Over the past several years, leaders in all types of organizations have faced problems they never imagined.

A strong example of this challenge is the question, “What location should the employees in our organization conduct their work?” As recently as 2019, most employers assumed that was a straightforward question – at the company’s office, worksite, store, etc. Five years ago, most leaders likely thought this was a silly question – everyone knew where people were expected to work – at the employer’s designated location.

However, since COVID-19 disrupted many aspects of work, nearly 40 percent of employees no longer always work at a company-designated location (Maurer, R. For Many Employers, Some Remote Work Expected to Last, U.S. Bureau of Labor Statistics (BLS), SHRM Online, March 2022).

This is just one example of the more complex – and ever-changing – dilemmas that leaders at virtually every organization are facing today. Problems in today’s business world continue to become more challenging – and there are fewer examples of how they were – or should be – solved. As Marianne Lewis and Wendy Smith wrote, to attain the most effective solution to these types of “tough” problems, leaders must adopt a different problem-solving approach than in the past (Lewis, M.W. & Smith, W. K. Solving Tough Problems Requires a Mindset Shift, Harvard Business Review, August 2022).

To understand how practical problem-solving has been altered, think about how most people, especially leaders, solved problems in the past. First, they identified the “and/or” in defining the problem. Then, they considered what approach had been used in the past, and if that solution worked – and no significant changes had occurred – they followed that same approach. Since speed in providing guidance to a solution was generally rewarded, they made this decision using the “tried-and-true” approach to all similar dilemmas.

If leaders were unsure how to proceed, they discussed the problem or challenge with a trusted colleague/advisor and made a straightforward decision. Therefore, the effort to solve this problem was not the challenge; instead, implementing the solution often required the most action. But today, things are different.

As mentioned earlier, the decision regarding the location of where employees completed their work, what resources each employee needed/utilized, or the method by which it was completed, was generally never even considered. There was one location, approach, process, etc. – and everyone needed to follow it.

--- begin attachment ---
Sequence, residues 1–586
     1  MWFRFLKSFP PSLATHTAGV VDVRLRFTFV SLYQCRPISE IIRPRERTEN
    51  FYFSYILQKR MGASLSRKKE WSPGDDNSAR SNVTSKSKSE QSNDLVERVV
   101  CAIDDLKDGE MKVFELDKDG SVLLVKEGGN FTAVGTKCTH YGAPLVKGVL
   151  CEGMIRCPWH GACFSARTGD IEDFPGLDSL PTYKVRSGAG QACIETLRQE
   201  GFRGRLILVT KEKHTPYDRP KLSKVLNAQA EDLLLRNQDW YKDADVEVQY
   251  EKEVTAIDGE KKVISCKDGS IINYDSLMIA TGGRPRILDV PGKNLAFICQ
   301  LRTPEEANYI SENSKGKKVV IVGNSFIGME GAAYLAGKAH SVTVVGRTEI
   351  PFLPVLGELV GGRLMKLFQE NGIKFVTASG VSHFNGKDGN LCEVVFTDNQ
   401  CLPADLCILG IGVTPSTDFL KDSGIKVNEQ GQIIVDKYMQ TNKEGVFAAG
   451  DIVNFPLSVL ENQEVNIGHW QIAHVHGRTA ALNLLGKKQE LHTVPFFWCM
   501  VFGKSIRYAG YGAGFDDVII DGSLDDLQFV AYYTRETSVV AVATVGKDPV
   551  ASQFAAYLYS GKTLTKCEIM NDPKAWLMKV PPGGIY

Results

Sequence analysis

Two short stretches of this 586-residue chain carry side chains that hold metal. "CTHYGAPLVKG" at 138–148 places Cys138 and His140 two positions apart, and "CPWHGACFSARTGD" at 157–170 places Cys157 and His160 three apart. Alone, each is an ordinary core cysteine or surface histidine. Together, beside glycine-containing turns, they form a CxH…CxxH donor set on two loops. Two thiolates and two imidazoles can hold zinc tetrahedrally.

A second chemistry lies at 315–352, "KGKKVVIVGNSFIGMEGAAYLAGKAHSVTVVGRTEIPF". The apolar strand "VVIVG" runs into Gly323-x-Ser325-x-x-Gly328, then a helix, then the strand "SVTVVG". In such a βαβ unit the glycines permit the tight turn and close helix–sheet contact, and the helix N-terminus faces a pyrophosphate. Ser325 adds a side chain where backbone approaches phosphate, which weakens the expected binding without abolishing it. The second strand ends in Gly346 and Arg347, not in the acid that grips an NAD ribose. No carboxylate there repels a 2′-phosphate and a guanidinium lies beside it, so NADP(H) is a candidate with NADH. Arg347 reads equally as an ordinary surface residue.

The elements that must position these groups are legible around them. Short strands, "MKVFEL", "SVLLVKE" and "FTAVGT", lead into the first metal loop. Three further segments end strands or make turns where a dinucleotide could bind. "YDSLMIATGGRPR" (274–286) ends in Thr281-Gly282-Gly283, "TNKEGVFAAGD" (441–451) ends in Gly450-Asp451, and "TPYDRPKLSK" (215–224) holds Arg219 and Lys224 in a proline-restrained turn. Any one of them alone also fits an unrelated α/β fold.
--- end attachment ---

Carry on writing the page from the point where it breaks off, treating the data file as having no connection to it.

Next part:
However, challenges in today’s business world are much more complex, and the situations are ever-shifting. Specifically, many current and future challenges will include several “conflicting” pressures. So, what is a leader to do? According to Lewis and Smith, they can no longer utilize an “either do A or B” approach to problem-solving. Instead, leaders need to move from this “either/or” style of problem-solving and embrace a “ both/and” approach to problem-solving.

Precisely what does that mean? It entails the ability to “shift their mindset.” As you might imagine, this is a significant change.

To begin, leaders with a both/and mindset tolerate ambiguity and manage the emotional discomfort that may come with it. They don’t consistently look for closure after making a decision. Instead, they continuously review past findings and ask, “Were there other options that would allow for better outcomes in a future dilemma?”

The “both/and” leaders are not “flip-floppers.” Utilizing a both/and approach, they do make decisions. However, they continuously scan for information and consider better or additional approaches – and apply these in similar situations – generally in the future. Therefore, they are also looking at both utilizing previous information and learning and combining that with new and improved approaches/solutions. That is, they “separate and connect.”

Becoming a “both/and” leader is not easy. It often involves embracing paradox. However, as reported by Lewis and Smith (2022), today’s most successful leaders have already shown that this approach leads to the most successful outcomes. Therefore, this capability has already begun to define tomorrow’s “great leaders.” And, if you wish to join that list, you must start to become a “both/and” leader.

About the Author

For years, E.A.S.I.-Consult® has been helping companies identify – and develop – the most successful leaders for their organization.  As a leading company in researching and identifying key capabilities necessary for all positions – including various leadership roles – we assist organizations reach their full potential.

Joseph Gier, Ph.D. is Vice President – Consulting Services at E.A.S.I-Consult and is a licensed Psychologist. E.A.S.I-Consult works with Fortune 500 companies, government agencies, and mid-sized organizations to provide customized Talent Management solutions. Utilizing scientific approaches, E.A.S.I.-Consult provides superior results for a wide variety of businesses.  Our specialties include leadership and leadership potential assessment, online employment assessment, customized skills assessment, competency modeling, leadership development, executive coaching, 360-degree feedback, online structured interviews, and EEO hiring compliance. To learn more about E.A.S.I.-Consult, visit www.easiconsult.com, email ContactUs@easiconsult.com, or call 800.922.EASI.